Culinary Delights, Organic Policy and Regulations, Social Implications in Agriculture, What is Organic

An Organic New Zealand Odyssey

fern-1540867As you read this, I may be streaming over the largest body of water on the planet. The Pacific will beckon as I careen across the International Date Line, south to my favorite island nation, Aotearoa, literally the land of the long white cloud according to the Maori tongue. It is also known as New Zealand.

I do not come all this way just to visit my beloved organic apple growing friends. Although I certainly will relish in their company. Nor do I cross the planet only to savor corn fritters, crayfish and pavlova- but I will.

I make the long journey at the bequest of Gary Hirshberg, Chairman of Stonyfield, to participate in his Entrepreneurship Institute (HEI) in Auckland November 13th-14th.

It turns out Kiwis want to enter the US organic market, and I’m happy to help.

Visiting New Zealand is like visiting one big farm; its grassy knolls are dotted with sheep and cattle. It’s one of the least-populated nations on Earth with just over 4.8 million people and, of course, 30 million sheep. nz-sheep

New Zealand intends to be a leader in the worldwide organic movement.

The organic sector is growing fast there–15 percent a year,  now worth $600 million annually, up 15% from 2015. According to the latest data from Organic Aotearoa New Zealand (OANZ), a full 60% of organic sales come from exports which are booming.

The organic market isn’t just a fad; it’s a forceful segment of the world market. It’s the fastest growing food sector in the world driven by consumers who want ethical and sustainable food and fiber and products that are good for them and sustainable for the planet.

NZ Organic exports which include organic produce, milk, wool, wine and beauty care products have grown by 42% to $355 million since 2015.

This is a tiny percentage of the surging organic global market which stands at  $124 billion in 2017 and is estimated to soar as high as $323.09 billion in 2024.

So, there is plenty of room to grow.

Europe, Australia and North America are the primary areas of export for NZ, representing 69% of all organic exports. Thus, the bulk of presenters at this event will be from the US. We will discuss how to break into the US organic market.

I will share the stage with the likes of Walter Robb, former co-CEO of Whole Foods, Bob Burke, a longtime natural products strategic advisor, Betsy McGinn, founder of McGinn eComm, author Meg Cadoux Hirshberg, Tim Brown, co-founder of Allbirds and, of course, the brainchild himself, Gary Hirshberg.

I am honored to be part of this auspicious group and my years of importing delicious apples and kiwifruit will likely lend me some credence.

I know what it means to do business in the US, and I understand the needs of the consumer, retailer and broker. The organic entrepreneurs in attendance will be seeking advice on everything from marketing to operations and they will come to be part of the global organic solution.

I believe growing the organic market whether here or in New Zealand ultimately helps the planet overcome the direst of challenges that face us today.

Organic is a real solution to climate change as living organic soils sink and sequester the extra carbon we produce so wantonly.

Organic agriculture can help combat many of the health issues that come from exposure to harmful agricultural inputs and residues in our food.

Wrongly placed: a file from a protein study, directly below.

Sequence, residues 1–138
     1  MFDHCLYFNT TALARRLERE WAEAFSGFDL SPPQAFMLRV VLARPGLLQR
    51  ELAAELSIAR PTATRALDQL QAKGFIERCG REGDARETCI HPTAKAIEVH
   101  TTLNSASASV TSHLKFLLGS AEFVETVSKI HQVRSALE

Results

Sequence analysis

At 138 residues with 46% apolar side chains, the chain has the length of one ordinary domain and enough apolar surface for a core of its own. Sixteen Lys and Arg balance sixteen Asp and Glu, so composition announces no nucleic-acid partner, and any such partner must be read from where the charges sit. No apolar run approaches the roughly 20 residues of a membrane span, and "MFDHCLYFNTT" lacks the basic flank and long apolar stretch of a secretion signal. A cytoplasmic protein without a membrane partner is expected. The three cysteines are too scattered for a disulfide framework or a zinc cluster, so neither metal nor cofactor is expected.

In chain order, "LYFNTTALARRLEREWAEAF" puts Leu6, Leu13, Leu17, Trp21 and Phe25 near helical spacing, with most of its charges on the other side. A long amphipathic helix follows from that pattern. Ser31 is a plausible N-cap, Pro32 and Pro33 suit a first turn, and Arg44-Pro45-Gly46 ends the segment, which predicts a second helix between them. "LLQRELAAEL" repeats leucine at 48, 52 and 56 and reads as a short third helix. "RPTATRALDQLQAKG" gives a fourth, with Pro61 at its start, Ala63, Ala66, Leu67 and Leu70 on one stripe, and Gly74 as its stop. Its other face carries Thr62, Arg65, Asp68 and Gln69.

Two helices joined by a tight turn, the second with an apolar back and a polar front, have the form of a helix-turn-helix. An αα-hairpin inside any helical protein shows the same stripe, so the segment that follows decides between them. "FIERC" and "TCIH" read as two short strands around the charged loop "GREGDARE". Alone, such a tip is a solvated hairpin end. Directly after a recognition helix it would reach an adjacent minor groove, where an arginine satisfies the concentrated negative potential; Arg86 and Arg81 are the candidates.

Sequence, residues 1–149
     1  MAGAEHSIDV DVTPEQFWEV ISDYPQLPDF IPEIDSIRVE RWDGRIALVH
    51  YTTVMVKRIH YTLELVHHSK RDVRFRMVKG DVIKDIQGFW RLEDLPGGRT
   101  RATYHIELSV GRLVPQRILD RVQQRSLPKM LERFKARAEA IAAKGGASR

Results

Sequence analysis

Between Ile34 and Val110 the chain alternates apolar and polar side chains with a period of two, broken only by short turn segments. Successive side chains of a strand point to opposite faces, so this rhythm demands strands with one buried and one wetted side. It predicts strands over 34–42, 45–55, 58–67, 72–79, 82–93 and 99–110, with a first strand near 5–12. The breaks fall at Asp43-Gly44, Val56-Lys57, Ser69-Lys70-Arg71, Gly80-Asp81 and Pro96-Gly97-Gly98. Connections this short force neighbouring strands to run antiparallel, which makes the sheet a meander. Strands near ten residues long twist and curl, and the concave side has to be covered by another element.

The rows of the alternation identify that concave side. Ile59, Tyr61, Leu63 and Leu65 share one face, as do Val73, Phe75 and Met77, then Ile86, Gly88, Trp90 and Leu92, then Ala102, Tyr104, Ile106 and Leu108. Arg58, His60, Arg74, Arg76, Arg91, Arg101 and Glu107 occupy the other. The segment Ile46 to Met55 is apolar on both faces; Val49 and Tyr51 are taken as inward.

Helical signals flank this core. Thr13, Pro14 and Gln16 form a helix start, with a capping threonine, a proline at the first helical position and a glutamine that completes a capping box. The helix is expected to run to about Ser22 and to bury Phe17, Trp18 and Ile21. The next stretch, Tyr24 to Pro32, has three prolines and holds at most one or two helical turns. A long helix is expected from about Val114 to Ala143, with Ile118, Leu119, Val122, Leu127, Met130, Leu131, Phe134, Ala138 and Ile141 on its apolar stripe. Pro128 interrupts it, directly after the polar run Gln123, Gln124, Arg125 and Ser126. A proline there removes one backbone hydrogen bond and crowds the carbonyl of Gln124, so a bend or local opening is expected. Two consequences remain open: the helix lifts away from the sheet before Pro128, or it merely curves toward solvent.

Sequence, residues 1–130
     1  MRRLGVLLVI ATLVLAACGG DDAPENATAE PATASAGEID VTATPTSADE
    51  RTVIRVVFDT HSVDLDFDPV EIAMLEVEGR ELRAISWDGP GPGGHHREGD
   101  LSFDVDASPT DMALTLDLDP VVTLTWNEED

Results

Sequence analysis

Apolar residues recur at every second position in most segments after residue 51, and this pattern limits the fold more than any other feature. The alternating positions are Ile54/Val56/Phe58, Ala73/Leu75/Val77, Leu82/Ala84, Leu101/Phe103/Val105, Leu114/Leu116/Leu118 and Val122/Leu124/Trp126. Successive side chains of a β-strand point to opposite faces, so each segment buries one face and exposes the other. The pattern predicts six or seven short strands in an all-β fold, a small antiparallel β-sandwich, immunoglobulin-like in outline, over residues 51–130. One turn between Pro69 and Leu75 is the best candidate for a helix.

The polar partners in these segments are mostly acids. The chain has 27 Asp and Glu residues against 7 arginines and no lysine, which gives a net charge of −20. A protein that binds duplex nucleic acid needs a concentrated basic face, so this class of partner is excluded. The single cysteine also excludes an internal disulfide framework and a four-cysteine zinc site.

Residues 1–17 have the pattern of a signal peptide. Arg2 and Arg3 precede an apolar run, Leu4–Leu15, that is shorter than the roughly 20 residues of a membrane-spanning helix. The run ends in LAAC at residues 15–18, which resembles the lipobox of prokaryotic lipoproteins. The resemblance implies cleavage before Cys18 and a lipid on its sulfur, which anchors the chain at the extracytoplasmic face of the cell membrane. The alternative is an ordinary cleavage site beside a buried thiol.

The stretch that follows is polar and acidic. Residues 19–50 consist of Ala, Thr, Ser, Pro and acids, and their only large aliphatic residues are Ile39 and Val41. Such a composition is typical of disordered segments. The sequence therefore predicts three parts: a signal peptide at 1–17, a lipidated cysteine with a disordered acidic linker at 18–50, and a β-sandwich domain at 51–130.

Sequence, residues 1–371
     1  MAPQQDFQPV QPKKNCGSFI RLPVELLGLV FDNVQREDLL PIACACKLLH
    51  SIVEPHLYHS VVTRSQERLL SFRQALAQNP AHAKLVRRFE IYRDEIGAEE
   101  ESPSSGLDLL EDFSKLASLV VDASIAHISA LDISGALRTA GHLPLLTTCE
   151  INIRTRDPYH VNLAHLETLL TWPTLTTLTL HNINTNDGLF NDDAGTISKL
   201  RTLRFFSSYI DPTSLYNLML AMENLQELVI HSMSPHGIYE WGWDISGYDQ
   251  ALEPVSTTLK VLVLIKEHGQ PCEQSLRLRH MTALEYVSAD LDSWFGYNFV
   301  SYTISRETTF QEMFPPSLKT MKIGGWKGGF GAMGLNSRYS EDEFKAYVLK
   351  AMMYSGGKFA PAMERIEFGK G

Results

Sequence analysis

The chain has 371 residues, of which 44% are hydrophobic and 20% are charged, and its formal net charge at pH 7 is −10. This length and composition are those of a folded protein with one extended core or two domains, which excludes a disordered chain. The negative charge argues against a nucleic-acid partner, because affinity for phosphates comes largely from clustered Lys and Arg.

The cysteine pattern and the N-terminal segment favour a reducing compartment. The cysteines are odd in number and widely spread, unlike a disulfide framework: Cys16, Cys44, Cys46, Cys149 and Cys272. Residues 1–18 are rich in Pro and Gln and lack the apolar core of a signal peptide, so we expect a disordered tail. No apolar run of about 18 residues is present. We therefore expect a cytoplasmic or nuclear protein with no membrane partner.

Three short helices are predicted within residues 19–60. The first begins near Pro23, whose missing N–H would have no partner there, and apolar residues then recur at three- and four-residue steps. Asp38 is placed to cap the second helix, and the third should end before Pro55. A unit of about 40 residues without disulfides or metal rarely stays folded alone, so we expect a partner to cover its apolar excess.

Every organic business contributes to a cleaner, safer environment for workers and consumers alike.

I recently had a reporter ask me if I thought organic tasted better.

Well, of course, that is a subjective question- it’s all in the mouth of the beholder.

But doesn’t it just make sense that healthy soil and less chemical shenanigans will produce a healthier, tastier morsel?

Flavor is just one reason to grow organic, and I must go to New Zealand to do it!

I plan to savor the culinary delights and mingle with organic producers and consumers. I will report back on my time in the land of the long white cloud and tell you how it tastes.

This odyssey calls me, and it’s all part of my work to help heal the planet.

By the way, if you’re reading this in New Zealand or Australia, you too can attend by clicking here.

Kia Ora for now!


4 thoughts on “An Organic New Zealand Odyssey”

  1. Hello Melody,

    How exciting for you! I want to be invited to these types of events 🙂

    Regarding your comments about whether organic (and Biodynamic, of course) tastes better- it does and we do have quantifiable proof!

    One needs only to turn to a study conducted by The American Journal of Wine Economics. They asked a very simple question: do eco-certified wines (either wine made with organic grapes or Biodynamic wine) taste better than conventional wines? In order to answer that question- they analyzed the professional ratings of more than 70,000 CA wines produced by almost 4,000 wineries. Gathering data from 3 influential wine publications- the study compared wine scores based on blind tastings and rated on a 100-point scale. The result: eco-certified wine had an average score that was 4 to 5 points higher than conventional wines. That’s a big spread for wine reviews- the difference between an 86 or 90 or 91. A 90 point wine v. a 95 point wine. I always love sharing about this study that I have come across because it is the first quantitative proof that there is a connection between the agricultural method and product quality.

    Maybe material for another column 🙂

    Check it out here yourself!

    Hope all is just fine and dandy in your world!


    Elizabeth Candelario
    President | Demeter USA
    mobile: 707.529.4412
    office: 707.299.6006

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